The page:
Air Purifiers: Carbon Dioxide And Carbon Monoxide Emissions

Air purifiers are common household appliances that remove airborne particles, pathogens, and certain gases. But some people think they could be a source of toxic gases like carbon dioxide and carbon monoxide?

CO and CO2 are caused by lack of ventilation and incomplete combustion. Therefore, air purifiers cannot produce them. However, air purifiers are also incapable of filtering these gases from the air.

Carbon monoxide and carbon dioxide have various severe health implications. As a user, you should know if your air purifier is emitting these gases or successfully eliminating them from the environment. This article provides helpful information about these two gases and how they interact with air purifiers.

Carbon Monoxide

Carbon monoxide (CO) is a toxic gas that annually claims more than 400 American lives.

It constitutes 100 parts per billion (ppb) of Earth’s atmosphere and is a product of burning materials (incomplete thermal combustion). 

Thus, fumes from trucks, cars, lanterns, stoves, fireplaces, or construction materials are primary CO gas sources in homes. Appliances like heaters, furnaces, HVAC units, etc., can also contribute to CO concentration due to malfunctioning.

Typically, 70 ppm of CO can cause headaches and nausea. However, concentrations above 150-200 ppm can prove lethal.

Carbon Monoxide Poisoning

CO poisoning is characterized by the onset of symptoms that occur upon inhalation of the gas. Here’s how it is caused:

  • Typically, we breathe in oxygen which binds to RBCs (red blood cells).
  • This oxygen is converted into energy and delivered to the body tissues.
  • Hb (RBC protein that binds oxygen) has a 250 times higher affinity for CO; thus, when CO is inspired, it displaces oxygen and binds to RBCs.
  • Low oxygen concentration in the body leads to energy depletion, which causes a series of unhealthy symptoms and eventual death.

Health Effects From Carbon Monoxide

Following are some major health complications of CO poisoning:

  • Irreversible brain damage (anoxic brain injury)
  • Heart failure
  • Miscarriage
  • Headache
  • Fatigue
  • Nausea
  • Disorientation
  • Death

Infants and children have higher breathing rates and are therefore more prone to CO poisoning. In addition, immunocompromised people or patients of cardiovascular and pulmonary disorders and pregnant women are also at higher risk of developing complications.

Detecting CO

CO is a colorless and odorless gas (hence the name “silent killer. CO monitors are often installed in homes with a high risk of gas leak (due to furnaces, heaters, construction materials, excessive fume production, etc.). These monitors have a sensor that measures CO levels and sets off an alarm to signal high gas levels.

Other than a carbon monoxide monitor, the following are some signs you should look out for if you suspect CO leak:

  • Everyone around starts experiencing nausea, headache, and dizziness.
  • Black or yellow powdery stains (also called soot stains) around furnaces and heating systems (responsible for the gas leak). This stain is a sign of incomplete combustion.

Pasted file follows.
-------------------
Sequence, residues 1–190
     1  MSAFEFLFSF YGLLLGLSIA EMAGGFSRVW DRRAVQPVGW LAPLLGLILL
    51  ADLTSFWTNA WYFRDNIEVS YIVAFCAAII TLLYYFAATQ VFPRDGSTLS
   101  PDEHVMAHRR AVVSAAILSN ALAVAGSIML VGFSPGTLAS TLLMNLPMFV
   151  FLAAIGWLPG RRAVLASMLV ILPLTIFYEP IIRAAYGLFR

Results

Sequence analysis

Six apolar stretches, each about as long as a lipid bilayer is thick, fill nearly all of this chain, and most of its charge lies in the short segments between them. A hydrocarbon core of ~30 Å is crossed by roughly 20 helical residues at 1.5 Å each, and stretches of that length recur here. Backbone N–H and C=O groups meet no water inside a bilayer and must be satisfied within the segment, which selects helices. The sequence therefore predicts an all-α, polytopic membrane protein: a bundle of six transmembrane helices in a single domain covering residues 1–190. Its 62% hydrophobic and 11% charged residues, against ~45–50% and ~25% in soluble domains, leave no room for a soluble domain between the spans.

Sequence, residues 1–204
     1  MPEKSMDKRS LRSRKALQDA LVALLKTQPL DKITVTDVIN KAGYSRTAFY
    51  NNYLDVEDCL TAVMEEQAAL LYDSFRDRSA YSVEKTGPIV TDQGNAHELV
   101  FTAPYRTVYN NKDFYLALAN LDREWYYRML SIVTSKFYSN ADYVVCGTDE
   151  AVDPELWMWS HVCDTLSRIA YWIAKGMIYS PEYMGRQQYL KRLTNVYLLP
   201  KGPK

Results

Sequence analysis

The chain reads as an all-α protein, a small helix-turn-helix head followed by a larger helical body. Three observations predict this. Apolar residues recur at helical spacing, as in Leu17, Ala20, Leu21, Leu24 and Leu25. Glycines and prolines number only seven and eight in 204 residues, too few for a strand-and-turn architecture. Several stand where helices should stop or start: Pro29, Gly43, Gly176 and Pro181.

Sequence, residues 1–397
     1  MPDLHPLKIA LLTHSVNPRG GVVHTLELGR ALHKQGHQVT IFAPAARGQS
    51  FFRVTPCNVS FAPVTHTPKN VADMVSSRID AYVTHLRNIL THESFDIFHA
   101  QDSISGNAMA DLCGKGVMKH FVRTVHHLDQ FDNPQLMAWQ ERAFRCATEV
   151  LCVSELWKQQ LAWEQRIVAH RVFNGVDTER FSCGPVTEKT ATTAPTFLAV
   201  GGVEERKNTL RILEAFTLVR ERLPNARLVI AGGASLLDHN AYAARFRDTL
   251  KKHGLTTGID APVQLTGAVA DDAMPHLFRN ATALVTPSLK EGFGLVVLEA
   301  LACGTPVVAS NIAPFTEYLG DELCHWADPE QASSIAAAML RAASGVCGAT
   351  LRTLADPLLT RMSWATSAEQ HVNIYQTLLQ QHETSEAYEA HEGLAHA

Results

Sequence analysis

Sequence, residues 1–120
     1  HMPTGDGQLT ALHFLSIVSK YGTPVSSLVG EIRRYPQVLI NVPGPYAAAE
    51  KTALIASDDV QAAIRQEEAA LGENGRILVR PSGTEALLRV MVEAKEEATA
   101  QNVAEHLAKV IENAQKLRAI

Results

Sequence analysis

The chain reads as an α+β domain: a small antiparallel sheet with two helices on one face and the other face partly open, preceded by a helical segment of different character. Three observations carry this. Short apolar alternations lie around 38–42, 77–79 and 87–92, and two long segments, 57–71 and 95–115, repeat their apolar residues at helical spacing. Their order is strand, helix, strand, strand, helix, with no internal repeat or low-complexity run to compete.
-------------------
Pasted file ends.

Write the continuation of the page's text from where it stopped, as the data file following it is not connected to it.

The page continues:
• Since many exhaust gases are produced and released along with CO, you can check for their smell.

Carbon Dioxide

CO2 comprises almost 0.04% of the atmosphere.

Depending on ventilation, CO2 concentration in homes can vary from 400 to 1000 ppm.

5000 ppm of CO2 can cause oxygen deprivation, but more than 40,000 ppm exposure can immediately lead to death.

CO2 is expelled into the air due to the natural breathing process. Other than this, volcano eruption, cigarette smoke, and material decomposition. Inadequate ventilation can also lead to the emission of CO2 from HVAC units, stoves, and fireplaces.

CO2 Toxicity

High CO2 levels in the air imply oxygen deprivation. Less oxygen supply leads to low energy levels, and vital organs like the brain and heart cease functioning.

Exposure to high levels of CO2 can cause respiratory arrest (patient stops breathing) within a minute.

CO2 Health Complications

Here are some significant health effects of CO2 toxicity:

  • Drowsiness
  • Headache
  • Nausea
  • Skin flushing
  • Trouble concentrating
  • Disorientation
  • Hyperventilation

People with chronic anemia, cardiovascular disorders, or breathing problems (asthma, emphysema, etc.) are at more risk of CO2 toxicity.

Detecting CO2

CO2 levels over 1000 ppm are considered high. However, since the gas is colorless, and its sharp and acidic odor is often difficult to identify, it is generally difficult to know if it’s concentrated indoors. 

Installing CO2 gas detectors is one way to detect their levels. As oxygen deprivation immediately causes headache, dizziness, and difficulty breathing, these symptoms indicate high CO2.

Can Air Purifiers Produce Carbon Monoxide and Carbon Dioxide?

Air purifiers filter out airborne contaminants and do not produce toxic gases like CO and CO2.

Here’s how air purifiers work:

  • First, a rotating fan draws air inside the system.
  • Air is circulated through the unit and passed through a series of filters like True HEPA, activated charcoal filter, UV bulb, and ionizers.
  • Each filter traps a particular type of infiltrate.
  • Purified air is then emitted into the room.

We have established that CO is caused by incomplete thermal combustion. While CO2 also forms during combustion when carbon from fossil fuels combines with oxygen atoms in the atmosphere. Since there is no burning/combustion involved in air purifiers, they do not produce these toxic gases.

Do Air Purifiers Remove Carbon Dioxide and Carbon Monoxide From The Air?

Air purifiers have filters like True HEPA filter, activated charcoal filter, UV bulb, ionizer, generic filter (with large pores), TiO2 filter, etc.

Out of all these, only activated charcoal filters can remove gases. However, they can only remove a small proportion of the CO2 and CO molecules in our air and are considered ineffective in filtering out any meaningful concentration.